SUNDAY WITHIN THE OCTAVE OF THE ASCENSION
ON THE PRECEPTS OF CHARITY TO OUR NEIGHBOURS
Consider first, that after that greatest and first commandment, of loving God with our whole heart and soul, the next of all the divine precepts is, ‘Thou shalt love thy neighbour as thyself.’ This, saith our Lord, is like to the other; and indeed it has so necessary a connexion with it that we cannot fulfil the one without the other. ‘God is charity,’ says the beloved disciple, 1 John iv. 16, ‘and he that abideth in charity, abideth in God, and God in him.’ And again, ‘he that loved, not [his neighbour] knoweth not God, for God is charity,’ v. 8. And again, ‘if any man say, I love God, and hateth his brother, he is a liar,’ v. 20. These two precepts of charity by which we are commanded in the first place to love God above all things, and in the next place, to love our neighbours as ourselves, contain an abridgment of the whole duty of a Christian. They are two branches that spring from the same root, and belong to the self-same divine virtue, because the same motives that oblige us to love God for his own goodness’ sake, oblige us also to love all that are made after his image and redeemed by the blood of his Son, for the sake of their maker and redeemer. It is he that requires this love of us, and requires it in such a manner as that we should love him in our neighbours, and love them in him. O the Infinite goodness and bounty of our God! that, notwithstanding the immense distance there is betwixt him and us, he should be pleased to put us as it were upon an equality, by requiring that we should love one another with the like love, and upon the same motive, as we love himself.
Consider 2ndly, that this charity to our neighbours is so essentially necessary to salvation, that without it, though we spoke with the tongues of men and angels, had the gift of prophecy, and all knowledge of the deepest mysteries, and faith strong enough even to remove mountains, we should still be nothing; and though we should give our whole substance to the poor, and our bodies to the flames, it would profit us nothing, saith St. Paul, 1 Cor. xiii. ‘He that loveth not,’ saith St. John, ‘abideth in death,’ 1 John iii. 14. ‘He is in darkness, and walketh in darkness, and knoweth not whither he goeth, because the darkness hath blinded his eyes,’ chap. ii. 11. And this charity which is so necessary to salvation, must be general; for, as we learn from our Lord in the parable of the good Samaritan, Luke x., all men, without exception of nations or opinions, are here to be considered as our neighbours: and if there should be any mortal whom we should exclude from our charity, our heavenly Father would exclude us from his mercy. Matt. xvii. 25.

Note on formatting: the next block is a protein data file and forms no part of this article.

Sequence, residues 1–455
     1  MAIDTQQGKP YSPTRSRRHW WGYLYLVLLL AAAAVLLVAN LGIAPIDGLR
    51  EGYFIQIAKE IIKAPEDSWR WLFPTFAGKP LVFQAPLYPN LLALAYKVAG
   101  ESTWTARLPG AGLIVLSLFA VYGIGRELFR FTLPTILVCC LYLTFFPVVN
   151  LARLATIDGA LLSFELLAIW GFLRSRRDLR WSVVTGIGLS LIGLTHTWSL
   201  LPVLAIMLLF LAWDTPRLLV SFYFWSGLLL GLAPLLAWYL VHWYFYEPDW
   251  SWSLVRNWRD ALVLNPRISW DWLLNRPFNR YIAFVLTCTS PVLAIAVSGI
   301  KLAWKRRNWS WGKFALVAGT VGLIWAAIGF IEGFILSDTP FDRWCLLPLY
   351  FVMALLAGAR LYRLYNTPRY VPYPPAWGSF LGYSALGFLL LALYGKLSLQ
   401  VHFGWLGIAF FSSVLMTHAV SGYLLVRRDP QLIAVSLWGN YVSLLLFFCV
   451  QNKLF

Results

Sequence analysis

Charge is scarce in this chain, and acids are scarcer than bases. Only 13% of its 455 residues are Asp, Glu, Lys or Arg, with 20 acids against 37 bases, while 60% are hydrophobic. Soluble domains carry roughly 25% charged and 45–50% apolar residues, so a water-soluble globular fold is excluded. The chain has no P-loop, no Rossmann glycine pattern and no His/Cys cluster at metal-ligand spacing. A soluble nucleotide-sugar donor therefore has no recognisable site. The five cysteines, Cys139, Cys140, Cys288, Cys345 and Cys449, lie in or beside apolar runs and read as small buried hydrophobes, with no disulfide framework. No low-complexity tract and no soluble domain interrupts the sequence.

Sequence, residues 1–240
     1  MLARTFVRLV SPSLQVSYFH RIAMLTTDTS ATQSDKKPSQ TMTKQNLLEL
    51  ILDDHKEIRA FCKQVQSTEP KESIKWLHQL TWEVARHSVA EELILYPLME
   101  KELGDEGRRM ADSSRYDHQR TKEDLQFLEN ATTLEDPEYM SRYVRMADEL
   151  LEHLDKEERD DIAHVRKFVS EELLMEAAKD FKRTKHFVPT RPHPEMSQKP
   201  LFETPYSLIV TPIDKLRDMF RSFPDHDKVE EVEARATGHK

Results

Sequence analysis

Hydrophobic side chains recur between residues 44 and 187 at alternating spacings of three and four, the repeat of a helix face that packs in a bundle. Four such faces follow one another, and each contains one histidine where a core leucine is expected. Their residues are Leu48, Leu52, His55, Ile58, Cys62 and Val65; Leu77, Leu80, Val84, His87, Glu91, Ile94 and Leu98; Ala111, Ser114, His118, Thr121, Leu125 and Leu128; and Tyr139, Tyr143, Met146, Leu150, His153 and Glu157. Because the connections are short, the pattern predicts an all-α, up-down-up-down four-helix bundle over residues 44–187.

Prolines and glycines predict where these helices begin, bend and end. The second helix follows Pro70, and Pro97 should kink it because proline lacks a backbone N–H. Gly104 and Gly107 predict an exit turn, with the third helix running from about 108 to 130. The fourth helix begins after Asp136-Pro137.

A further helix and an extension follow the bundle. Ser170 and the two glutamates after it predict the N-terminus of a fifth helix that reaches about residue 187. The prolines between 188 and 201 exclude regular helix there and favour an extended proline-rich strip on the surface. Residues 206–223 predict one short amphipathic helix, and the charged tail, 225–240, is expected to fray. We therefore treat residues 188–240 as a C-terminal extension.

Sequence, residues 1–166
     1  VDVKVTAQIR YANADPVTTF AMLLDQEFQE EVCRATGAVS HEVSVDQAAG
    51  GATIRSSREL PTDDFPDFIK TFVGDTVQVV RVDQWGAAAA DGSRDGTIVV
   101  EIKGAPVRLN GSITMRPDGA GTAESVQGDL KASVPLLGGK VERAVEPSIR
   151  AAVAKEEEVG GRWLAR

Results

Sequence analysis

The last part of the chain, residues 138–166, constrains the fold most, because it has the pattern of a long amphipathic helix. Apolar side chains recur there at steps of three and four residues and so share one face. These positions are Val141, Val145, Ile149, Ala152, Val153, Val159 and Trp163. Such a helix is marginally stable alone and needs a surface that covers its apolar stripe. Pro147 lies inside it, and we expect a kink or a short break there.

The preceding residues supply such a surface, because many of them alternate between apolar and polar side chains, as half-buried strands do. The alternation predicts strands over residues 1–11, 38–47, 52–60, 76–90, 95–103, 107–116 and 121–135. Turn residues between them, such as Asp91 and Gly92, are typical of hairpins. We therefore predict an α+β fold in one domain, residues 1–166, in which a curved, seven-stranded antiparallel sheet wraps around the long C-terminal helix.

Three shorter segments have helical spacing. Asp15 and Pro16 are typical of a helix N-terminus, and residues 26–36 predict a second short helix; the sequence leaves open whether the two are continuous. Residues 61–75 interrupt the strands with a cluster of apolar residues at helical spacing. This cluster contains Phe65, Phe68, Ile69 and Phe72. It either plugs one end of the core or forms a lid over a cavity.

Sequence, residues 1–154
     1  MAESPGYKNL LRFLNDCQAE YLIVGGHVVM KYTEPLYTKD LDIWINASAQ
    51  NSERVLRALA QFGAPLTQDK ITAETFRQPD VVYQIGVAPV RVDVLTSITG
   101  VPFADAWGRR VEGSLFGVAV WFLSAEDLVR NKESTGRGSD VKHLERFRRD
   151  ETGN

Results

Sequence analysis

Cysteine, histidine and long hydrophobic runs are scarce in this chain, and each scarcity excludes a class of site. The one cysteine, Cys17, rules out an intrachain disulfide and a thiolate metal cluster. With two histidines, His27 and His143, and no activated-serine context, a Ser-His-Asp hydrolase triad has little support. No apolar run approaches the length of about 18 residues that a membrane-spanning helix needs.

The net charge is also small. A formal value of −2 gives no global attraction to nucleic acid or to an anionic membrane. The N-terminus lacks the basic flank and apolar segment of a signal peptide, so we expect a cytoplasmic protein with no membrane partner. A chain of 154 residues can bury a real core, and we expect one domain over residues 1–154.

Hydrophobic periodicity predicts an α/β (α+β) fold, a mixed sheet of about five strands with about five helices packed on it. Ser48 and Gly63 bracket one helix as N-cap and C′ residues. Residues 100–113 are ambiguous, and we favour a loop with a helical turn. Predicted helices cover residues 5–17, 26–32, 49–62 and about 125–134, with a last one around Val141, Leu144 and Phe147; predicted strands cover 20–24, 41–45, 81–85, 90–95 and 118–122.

Consider 3rdlv, how much our Lord takes to heart that we should have this mutual love and charity for one another. He has made it his favourite commandment; the very badge by which he would have his disciples known and distinguished. ‘I give you a commandment,’ saith he, John xiii. 34,35, ‘that you love one another as I have loved you. By this shall men know that you are my disciples, if you have love for one another.’ And chap. xv. 12, ‘This is my commandment that you love one another as I have loved you.’ And this mutual love for one another he desires may be so perfect that it may in some measure resemble the love and union that there is between him and his Father; as he has declared in that heavenly prayer that he made for his disciples, John xvii. 20,21. ‘And not for them only,’ said he, ‘do I pray, but for them also, who, through their word shall believe in me; that they all may be one as thou Father in me, and I in thee; that they also may be one in us; that the world may believe that thou best sent me’ This mutual love, this union and charity, he inculcates in these strong terms in this last confidence of his mortal life with his beloved disciples, that both they and we might consider it as his last dying injunction, and as a most precious legacy which he has bequeathed to us all. O my soul, embrace this legacy of love which has been thus left thee by thy Lord dying for the love of thee.
Conclude to prove thyself henceforward to be a disciple of Christ indeed, by this spirit of universal charity for all, as he has died out of charity for all. In the beginning of the church, ‘the multitude of the believers had but one heart and one soul,’ Acts iv. 32. Such was their mutual love and union. O blessed charity, when shall we see thee once more reign in this manner amongst Christians?
Conclude to lay up in thy heart all these lessons which Christ desires to teach thee in his ascension and so to adhere to his footsteps, that nothing in life or death may ever separate thee from him.